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Patricia Faison

Patricia Faison by Richard Lehnert

The fruit juice industry is keeping quiet these days, not relishing a public debate over how much arsenic should be allowed in juices, particularly apple and grape juice.

Arsenic is a scary word. In 2011, Consumer Reports and the Dr. Oz television show raised concerns when they reported that testing found levels above 10 parts per billion of arsenic in some samples of apple juice.  Not having a frame of reference to know what 10 ppb means, some parents panicked. They did not know their children would need to drink hundreds of thousands of quarts of apple juice in one sitting to get a lethal dose of arsenic.

The publicity generated political pressure, which turned into demands that the Food and Drug Administration “do something.” FDA is now in a process and is closing a comment period in November.

The Juice Products Association, based in Washington, D.C., speaking for its 158 members, has tried to soothe the public, and it has appealed to the Food and Drug Administration to use science-based information to set a good standard.

There are some problems. The standard set by the Environmental Protection Agency for arsenic in drinking water is 10 parts per billion, and that standard is now being considered by the Food and Drug Administration as the allowable limit for inorganic arsenic in apple juice.

That level could be a problem for the juice business. Not only are juices mostly water, but both apples and grapes are often grown on soil with a history of use of arsenic products for control of insects and diseases. Arsenic also occurs naturally in soil and water.  If fruit is grown using ordinary water and soil that contain arsenic, whether naturally occurring or from old pesticides, it is highly likely that fruit juices would contain arsenic as well.

Tom Hurson, the vice president for ingredient and foodservice sales at Tree Top Inc. in Selah, Washington, was asked during the U.S. Apple Association’s Crop and Outlook Conference in Chicago in August why apple juice may have been the target.

It’s a perplexing problem, he said, but likely because apple juice has high emotional value, being a beloved family staple made from the icon fruit for good health.

While FDA studies in 2011 showed that 95 percent of the apple juice samples contain less than 10 ppb of total arsenic and all samples contained inorganic arsenic levels below 10 ppb, the key question is whether the industry can live with a standard that suggests apple juice is on the margin of safety.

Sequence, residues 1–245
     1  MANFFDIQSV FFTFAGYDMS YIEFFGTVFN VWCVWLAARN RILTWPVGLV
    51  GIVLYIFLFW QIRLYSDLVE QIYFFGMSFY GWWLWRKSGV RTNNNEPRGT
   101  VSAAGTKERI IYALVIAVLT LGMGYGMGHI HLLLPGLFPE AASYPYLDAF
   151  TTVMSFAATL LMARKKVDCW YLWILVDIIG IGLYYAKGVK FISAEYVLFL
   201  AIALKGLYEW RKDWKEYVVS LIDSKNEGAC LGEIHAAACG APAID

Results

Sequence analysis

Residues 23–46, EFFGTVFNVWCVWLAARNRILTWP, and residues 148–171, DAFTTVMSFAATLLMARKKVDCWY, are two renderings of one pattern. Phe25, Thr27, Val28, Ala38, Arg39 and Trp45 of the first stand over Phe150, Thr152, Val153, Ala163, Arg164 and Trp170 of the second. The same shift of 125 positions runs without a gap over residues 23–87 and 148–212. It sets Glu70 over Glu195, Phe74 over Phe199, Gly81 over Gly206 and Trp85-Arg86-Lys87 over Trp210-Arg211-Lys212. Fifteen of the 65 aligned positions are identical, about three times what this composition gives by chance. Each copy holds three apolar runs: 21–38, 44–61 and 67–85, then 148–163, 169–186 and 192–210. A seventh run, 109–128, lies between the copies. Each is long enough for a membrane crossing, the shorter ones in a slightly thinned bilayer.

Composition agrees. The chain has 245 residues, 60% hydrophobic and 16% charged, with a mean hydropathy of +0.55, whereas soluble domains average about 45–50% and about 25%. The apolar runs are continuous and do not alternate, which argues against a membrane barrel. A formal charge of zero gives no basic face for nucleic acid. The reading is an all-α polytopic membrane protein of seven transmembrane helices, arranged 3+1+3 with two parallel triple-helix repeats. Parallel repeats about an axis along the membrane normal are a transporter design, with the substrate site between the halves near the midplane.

Patricia Faison, technical director for the Juice Products Association, spoke about the issue at the Chicago apple meeting, and also responded to questions asked by Good Fruit Grower more recently.


GFG: Is arsenic in juice a “real” issue or just driven by fear of the word arsenic?

Faison: Fear of the word arsenic is driving consumer concern because most people associate it with its use as a short-term poison in high doses. In fact, arsenic is a naturally occurring element in the earth’s crust. Naturally occurring elements such as arsenic are present in the soil, air, and water, so arsenic is found in very low, harmless levels in many foods and beverages, and always has been.

GFG: Is there good science to help determine what the action levels in juice should be?

Faison: Arsenic is a very well-studied substance. There are extensive data from epidemiologic, laboratory animal, and mechanistic studies that provide very good evidence to guide determinations of safe levels of exposure. FDA’s current exposure limit is derived from studies of a particularly sensitive group of people (due to poor nutrition) who were exposed to high concentrations of arsenic in food and water throughout their lives. That limit also takes into account juice consumption rates for both children and adults. The science shows that FDA’s current exposure limit for arsenic in juice provides a substantial margin of safety that errs on the side of being conservatively health-protective of all ages.

GFG: What do the members of the Juice Products Association want you to accomplish and what response do they want from government?

Faison: We want consumers to know that apple juice is a nutritious beverage and it is safe to consume. We rely on the Food and Drug Administration to establish guidance/regulations for foods and beverages that are based on sound science.

GFG: What do you expect to happen, and when? 

Faison: At this time, the FDA is accepting comments on the “Draft Guidance for Industry on Arsenic in Apple Juice: Action Level” until November 12, 2013. Following this deadline, the agency will publish a final guidance; however, the time frame for publication of the final guidance has not been announced.  •